Intermodal Freight

AAA

DEFINITION of 'Intermodal Freight'

Products and raw materials that are placed in a container that can be transported by a variety of vehicles, such as container ships, semi-trailer trucks and trains. Containers designed for intermodal freight often adhere to International Organization for Standardization (ISO) dimension guidelines, allowing the freight to remain in the container when transfered between modes of transportation rather than being moved into a container of a different size.

INVESTOPEDIA EXPLAINS 'Intermodal Freight'

The emergence of standardized shipping containers has allowed products and raw materials to travel faster and at a reduced cost. The United States military is often credited with the containerization of shipping during the 1950s, when Department of Defense standards were adopted by the ISO.

RELATED TERMS
  1. International Organization For ...

    The world's largest developer and published of international ...
  2. Dry Bulk Commodity

    A commodity which is shipped in large, unpackaged amounts. There ...
  3. Baltic Dry Index - BDI

    A shipping and trade index created by the London-based Baltic ...
  4. Raw Materials

    A material or substance used in the primary production or manufacturing ...
  5. Delivery

    The action by which an underlying commodity, security, cash value, ...
  6. Nordic Model

    The social welfare and economic systems adopted by Nordic countries.
RELATED FAQS
  1. What was the largest company Warren Buffett ever bought through Berkshire Hathaway?

    The largest acquisition that Warren Buffett has made through Berkshire Hathaway is the Burlington Northern Santa Fe Railway ... Read Full Answer >>
  2. What are the main factors that drive share prices in the railroads sector?

    Several factors drive the railroad industry and railroad company stock prices. As with most businesses, some factors can ... Read Full Answer >>
  3. What is affected by the interest rate risk?

    Interest rate risk is the risk that arises when the absolute level of interest rates fluctuate. Interest rate risk directly ... Read Full Answer >>
  4. Why is a Free on Board (FOB) designation important for freight transportation?

    A free on board (FOB) designation specifies whether the buyer is responsible for freight charges and determines the obligations ... Read Full Answer >>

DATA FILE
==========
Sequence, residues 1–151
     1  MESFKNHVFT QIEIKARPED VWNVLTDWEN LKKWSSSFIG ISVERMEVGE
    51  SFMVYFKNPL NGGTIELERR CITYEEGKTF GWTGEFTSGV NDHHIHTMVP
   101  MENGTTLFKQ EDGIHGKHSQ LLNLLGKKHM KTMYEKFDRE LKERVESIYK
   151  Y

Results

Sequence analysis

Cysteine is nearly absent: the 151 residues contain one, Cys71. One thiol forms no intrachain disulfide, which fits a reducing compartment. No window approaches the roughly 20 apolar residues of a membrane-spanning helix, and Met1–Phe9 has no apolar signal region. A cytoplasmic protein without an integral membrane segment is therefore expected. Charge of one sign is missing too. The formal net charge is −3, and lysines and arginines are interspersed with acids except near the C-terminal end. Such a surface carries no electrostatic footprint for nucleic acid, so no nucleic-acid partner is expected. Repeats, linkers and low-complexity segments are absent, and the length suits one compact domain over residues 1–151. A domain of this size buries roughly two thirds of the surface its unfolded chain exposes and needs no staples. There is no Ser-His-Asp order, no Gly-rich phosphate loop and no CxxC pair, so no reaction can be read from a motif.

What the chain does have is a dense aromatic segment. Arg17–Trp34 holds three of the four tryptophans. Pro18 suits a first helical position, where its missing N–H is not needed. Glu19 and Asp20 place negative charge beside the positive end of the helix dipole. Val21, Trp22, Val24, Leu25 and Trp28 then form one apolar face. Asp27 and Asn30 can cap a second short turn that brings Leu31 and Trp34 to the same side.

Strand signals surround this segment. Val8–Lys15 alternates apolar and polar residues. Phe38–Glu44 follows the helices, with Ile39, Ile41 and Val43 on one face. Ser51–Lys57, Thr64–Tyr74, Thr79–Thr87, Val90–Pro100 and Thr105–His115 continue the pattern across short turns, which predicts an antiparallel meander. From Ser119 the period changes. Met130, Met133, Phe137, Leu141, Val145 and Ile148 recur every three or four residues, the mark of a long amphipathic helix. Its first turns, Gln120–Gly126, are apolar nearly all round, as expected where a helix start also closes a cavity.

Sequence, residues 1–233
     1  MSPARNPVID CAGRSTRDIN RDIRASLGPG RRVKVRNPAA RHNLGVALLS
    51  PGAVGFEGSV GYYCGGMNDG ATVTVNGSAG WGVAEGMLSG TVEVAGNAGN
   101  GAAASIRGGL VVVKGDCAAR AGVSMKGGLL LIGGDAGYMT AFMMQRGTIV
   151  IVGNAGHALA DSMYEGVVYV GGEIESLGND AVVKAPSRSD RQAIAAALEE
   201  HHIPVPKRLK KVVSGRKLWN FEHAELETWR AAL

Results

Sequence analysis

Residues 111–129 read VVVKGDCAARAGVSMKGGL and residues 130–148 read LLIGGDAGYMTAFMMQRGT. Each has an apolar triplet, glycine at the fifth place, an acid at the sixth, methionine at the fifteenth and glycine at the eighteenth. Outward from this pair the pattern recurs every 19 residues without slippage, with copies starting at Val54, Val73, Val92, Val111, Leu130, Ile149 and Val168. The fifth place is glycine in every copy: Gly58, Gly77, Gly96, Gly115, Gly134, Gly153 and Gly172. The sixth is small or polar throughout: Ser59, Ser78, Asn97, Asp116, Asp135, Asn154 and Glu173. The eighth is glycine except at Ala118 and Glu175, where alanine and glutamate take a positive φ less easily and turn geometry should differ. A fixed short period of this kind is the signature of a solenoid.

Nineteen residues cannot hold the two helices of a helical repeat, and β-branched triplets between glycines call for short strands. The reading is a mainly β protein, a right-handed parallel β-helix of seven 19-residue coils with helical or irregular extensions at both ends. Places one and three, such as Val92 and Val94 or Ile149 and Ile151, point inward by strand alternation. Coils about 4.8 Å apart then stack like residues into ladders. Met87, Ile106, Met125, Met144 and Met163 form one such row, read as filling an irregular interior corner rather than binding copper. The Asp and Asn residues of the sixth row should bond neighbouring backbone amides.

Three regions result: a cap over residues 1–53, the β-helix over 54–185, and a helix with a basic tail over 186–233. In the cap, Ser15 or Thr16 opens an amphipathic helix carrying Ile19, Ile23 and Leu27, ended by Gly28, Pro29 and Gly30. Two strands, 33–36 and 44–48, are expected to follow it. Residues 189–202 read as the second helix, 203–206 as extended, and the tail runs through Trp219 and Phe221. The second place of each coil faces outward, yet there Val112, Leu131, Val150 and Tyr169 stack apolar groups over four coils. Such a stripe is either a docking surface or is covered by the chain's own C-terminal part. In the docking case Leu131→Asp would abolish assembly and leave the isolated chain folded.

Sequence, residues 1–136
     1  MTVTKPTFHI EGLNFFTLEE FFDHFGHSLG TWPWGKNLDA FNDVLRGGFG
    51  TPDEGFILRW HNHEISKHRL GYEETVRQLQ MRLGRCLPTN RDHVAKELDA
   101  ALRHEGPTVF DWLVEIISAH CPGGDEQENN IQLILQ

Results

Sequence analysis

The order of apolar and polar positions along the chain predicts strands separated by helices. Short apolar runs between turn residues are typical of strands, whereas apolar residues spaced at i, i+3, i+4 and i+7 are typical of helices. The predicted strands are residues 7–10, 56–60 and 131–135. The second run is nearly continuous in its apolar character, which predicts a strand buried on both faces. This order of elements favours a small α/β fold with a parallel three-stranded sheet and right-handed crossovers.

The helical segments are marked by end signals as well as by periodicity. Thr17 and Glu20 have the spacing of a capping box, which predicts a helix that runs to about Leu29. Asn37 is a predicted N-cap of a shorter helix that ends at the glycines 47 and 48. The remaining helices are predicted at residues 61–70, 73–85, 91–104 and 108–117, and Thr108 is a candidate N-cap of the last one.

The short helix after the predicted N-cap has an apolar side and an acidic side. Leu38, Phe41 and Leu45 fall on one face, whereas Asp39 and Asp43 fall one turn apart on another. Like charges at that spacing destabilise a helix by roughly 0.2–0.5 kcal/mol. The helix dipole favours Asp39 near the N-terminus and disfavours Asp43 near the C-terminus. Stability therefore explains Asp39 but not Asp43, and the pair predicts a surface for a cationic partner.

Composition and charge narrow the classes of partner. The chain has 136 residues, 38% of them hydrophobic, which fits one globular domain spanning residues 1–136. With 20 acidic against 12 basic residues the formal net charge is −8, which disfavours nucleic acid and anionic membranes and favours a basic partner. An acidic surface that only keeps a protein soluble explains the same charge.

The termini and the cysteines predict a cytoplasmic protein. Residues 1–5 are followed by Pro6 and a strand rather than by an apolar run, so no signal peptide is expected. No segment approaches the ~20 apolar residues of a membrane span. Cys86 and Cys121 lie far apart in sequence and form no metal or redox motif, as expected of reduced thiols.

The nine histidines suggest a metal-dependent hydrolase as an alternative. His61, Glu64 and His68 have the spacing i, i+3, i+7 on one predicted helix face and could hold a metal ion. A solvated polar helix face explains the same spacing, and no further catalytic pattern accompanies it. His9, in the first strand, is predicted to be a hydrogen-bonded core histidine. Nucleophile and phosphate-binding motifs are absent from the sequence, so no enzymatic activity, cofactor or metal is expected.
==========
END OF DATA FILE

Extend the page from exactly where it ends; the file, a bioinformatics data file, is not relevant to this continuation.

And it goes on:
5. How does the International Chamber of Commerce define the term 'Free on Board' (FOB)?

    The International Chamber of Commerce (ICC) is one of world's largest business organizations and has published a set of trade ... Read Full Answer >>
  6. What determines if an international trade is Ex Works (EXW) or Free on Board (FOB)?

    "Ex works" (EXW) and "free on board" (FOB) are international trade terms that dictate the responsibilities of buyers and ... Read Full Answer >>
Related Articles
  1. Home & Auto

    5 Investment Risks Created By Global Warming

    Climate-change deniers and believers alike would be wise to prepare for the worst.
  2. Economics

    The Baltic Dry Index: Evaluating An Economic Recovery

    This index can provide insight into economic growth and production, but it has its critics.
  3. Options & Futures

    Explaining The World Through Macroeconomic Analysis

    From unemployment and inflation to government policy, learn what macroeconomics measures and how it affects everyone.
  4. Economics

    Cashing In On Macroeconomic Trends

    Learn to identify the things that may impact your investments down the road.
  5. Investing Basics

    What is a Nominal Value?

    The nominal value of a security, such as a stock or bond, remains fixed for the duration of its life.
  6. Economics

    Explaining the Human Development Index

    The Human Development Index (HDI) is a metric developed by the United Nations to take the emphasis off economic growth and focus on human wellbeing.
  7. Economics

    Gaining Market Influence-- The Case of US Shale

    A convergence of sustained bank financing, falling production costs and rising oil prices might position the US shale industry for a greater market role.
  8. Investing

    Why Some Investors Are Tilting Toward TIPS

    Last month’s five-year TIPS auction drew nearly $48 billion in interest, a sign of recent renewed demand for this inflation indexed asset among investors.
  9. Economics

    What is the International Monetary Fund?

    The International Monetary Fund fosters global monetary cooperation and sustainable economic growth.
  10. Economics

    The Pros & Cons of a Trade Deficit

    Is a trade deficit, also known as a current account deficit, beneficial or detrimental to a country's economy?

You May Also Like

Hot Definitions
  1. Covered Call

    An options strategy whereby an investor holds a long position in an asset and writes (sells) call options on that same asset ...
  2. Butterfly Spread

    A neutral option strategy combining bull and bear spreads. Butterfly spreads use four option contracts with the same expiration ...
  3. Unlevered Beta

    A type of metric that compares the risk of an unlevered company to the risk of the market. The unlevered beta is the beta ...
  4. Moving Average - MA

    A widely used indicator in technical analysis that helps smooth out price action by filtering out the “noise” from random ...
  5. Yield Curve

    A line that plots the interest rates, at a set point in time, of bonds having equal credit quality, but differing maturity ...
  6. Productivity

    An economic measure of output per unit of input. Inputs include labor and capital, while output is typically measured in ...
Trading Center